I have to admit I was skeptical when the Horizons S&P/TSX 60 (HXT) appeared back in September 2010. In an interview with a Horizons executive a few months later, I asked why the company would go head-to-head against the iShares S&P/TSX 60 (XIU), the largest ETF in the country.
It turns out HXT has become an extremely successful fund. Not only for Horizons’ bottom line (the fund now has close to $1 billion in assets and is the largest non-iShares ETF in the country), but for investors as well. As of September 30, its three-year annualized return was 3.75%, compared with 3.81% for the S&P/TSX 60 Index. As tracking errors go, 0.06% is about as good as it gets. Over the same period, the venerable XIU returned 3.59% for an annual tracking error of 0.22%.
HXT tracks its benchmark so tightly because it uses a total return swap: rather than holding the underlying stocks in the index, the fund has an agreement with a counterparty—in this case, National Bank of Canada—who agrees to deliver the full return of the S&P/TSX 60, including both price changes and dividends. (See my earlier posts for more about how swap-based ETFs work and their potential risks.)
The swap structure assumes all dividends are immediately reinvested and compounded, just like the index does. By contrast, funds like XIU receive cash payments and then reinvest them manually, which causes a slight drag. And because HXT’s management fee is just 0.07% (with a rebate of two basis points over the last 12 months), it can deliver the returns of its benchmark index with a trivial cost of $6 or $7 annually for every $10,000 invested.
The other key feature of swap-based ETFs is tax-efficiency. HXT distributes no dividends, so investors won’t pay any taxes until they ultimately sell the fund: at that time, any accrued growth will be taxed as a capital gain. For investors in higher tax brackets, capital gains are taxed even more favourably than eligible Canadian dividends, so this may result in actual tax savings rather than just deferral.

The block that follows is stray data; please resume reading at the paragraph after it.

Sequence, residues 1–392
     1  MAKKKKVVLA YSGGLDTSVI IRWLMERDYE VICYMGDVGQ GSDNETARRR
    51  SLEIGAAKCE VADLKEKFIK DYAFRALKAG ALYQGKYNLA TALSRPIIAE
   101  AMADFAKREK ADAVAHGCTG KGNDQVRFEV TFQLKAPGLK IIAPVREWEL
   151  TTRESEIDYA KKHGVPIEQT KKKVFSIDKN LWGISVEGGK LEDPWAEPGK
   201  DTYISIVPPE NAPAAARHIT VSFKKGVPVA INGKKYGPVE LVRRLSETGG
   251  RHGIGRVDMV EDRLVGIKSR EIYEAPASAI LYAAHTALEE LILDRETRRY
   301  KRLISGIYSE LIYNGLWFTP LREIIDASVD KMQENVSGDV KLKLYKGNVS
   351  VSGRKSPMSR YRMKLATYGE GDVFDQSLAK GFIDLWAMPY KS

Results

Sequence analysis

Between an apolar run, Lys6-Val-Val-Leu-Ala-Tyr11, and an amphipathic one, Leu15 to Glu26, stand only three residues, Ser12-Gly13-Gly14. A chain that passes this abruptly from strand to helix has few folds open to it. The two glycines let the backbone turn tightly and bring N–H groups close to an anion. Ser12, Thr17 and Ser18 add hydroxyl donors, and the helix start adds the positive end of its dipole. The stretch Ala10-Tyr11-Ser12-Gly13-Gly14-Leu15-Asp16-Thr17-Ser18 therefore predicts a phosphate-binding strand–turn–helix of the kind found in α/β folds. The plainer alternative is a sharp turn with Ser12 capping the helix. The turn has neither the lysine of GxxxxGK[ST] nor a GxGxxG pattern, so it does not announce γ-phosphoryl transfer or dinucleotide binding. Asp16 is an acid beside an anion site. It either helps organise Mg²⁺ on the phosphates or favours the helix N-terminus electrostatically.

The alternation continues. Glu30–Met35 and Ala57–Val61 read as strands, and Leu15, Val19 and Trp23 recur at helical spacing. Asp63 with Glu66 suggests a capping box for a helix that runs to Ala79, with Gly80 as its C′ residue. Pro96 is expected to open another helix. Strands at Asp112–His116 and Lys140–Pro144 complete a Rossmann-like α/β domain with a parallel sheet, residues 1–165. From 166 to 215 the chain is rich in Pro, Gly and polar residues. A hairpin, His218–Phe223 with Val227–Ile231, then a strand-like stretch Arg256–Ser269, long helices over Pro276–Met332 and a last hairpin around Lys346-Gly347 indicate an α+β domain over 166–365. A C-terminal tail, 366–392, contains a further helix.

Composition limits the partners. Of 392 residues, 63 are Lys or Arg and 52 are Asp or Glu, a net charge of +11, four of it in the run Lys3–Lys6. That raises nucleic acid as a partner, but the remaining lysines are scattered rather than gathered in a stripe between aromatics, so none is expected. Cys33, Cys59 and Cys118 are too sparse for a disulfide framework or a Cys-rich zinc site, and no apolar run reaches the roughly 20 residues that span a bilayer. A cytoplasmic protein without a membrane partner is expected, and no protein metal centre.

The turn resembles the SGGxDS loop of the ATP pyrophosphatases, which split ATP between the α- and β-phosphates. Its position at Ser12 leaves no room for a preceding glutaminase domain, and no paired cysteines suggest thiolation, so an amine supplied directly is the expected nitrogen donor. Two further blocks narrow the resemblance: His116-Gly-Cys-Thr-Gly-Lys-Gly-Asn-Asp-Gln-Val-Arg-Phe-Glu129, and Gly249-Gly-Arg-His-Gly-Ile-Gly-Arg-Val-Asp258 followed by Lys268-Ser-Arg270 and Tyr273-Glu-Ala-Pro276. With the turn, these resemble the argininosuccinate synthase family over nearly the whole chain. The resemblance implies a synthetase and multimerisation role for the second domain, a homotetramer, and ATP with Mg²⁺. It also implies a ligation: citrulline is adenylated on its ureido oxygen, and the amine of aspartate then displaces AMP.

More swaps on their way
Until last month, the only swap-based ETFs in Canada were HXT and the Horizons S&P 500 (HXS), which uses the same structure for US stocks. However, Horizons recently launched two more swap-based ETFs tracking the most popular sectors in the Canadian equity market: the Horizons S&P/TSX Capped Energy (HXE) and the Horizons S&P/TSX Capped Financials (HXF).
The Couch Potato portfolios I recommend use total-market index funds wherever possible, so I normally don’t pay much attention to sector funds. And, really, does any Canadian investor need more concentration in energy and financials, which already make up 60% of the S&P/TSX 60? But the launch of these funds is significant for a couple of reasons.
The first is they represent what Horizons calls “the latest salvo in the Canadian ETF fee war.” Rather than creating funds with an alternative strategy, Horizons has again gone head-to-head with iShares. These new funds track the same indexes as XEG and XFN, respectively, but with management fees 20 basis points lower, as well as the promise of perfect index tracking and tax-efficiency. It will be interesting to see how successful they are in grabbing market share. This kind of competition has been good for ETF investors, and we should see fees trending even lower in the future.
Second, the launch of HXE and the HXF suggest that Canadian investors have accepted swap-based ETFs. When I first wrote about them over two years ago, many readers dismissed them as black magic and said they would never use them. But one of the reasons HXT has become a billion-dollar fund is its acceptance by institutional investors, such as pension funds, which tend to be among the smart money. That should help retail investors embrace them with more confidence.
Swap-based ETFs are common in Europe, but far less so in US and Canada. That may change if the ETF price wars continue and more investors become comfortable with their structure.
Disclosure: I have a small holding in HXT in one of my accounts.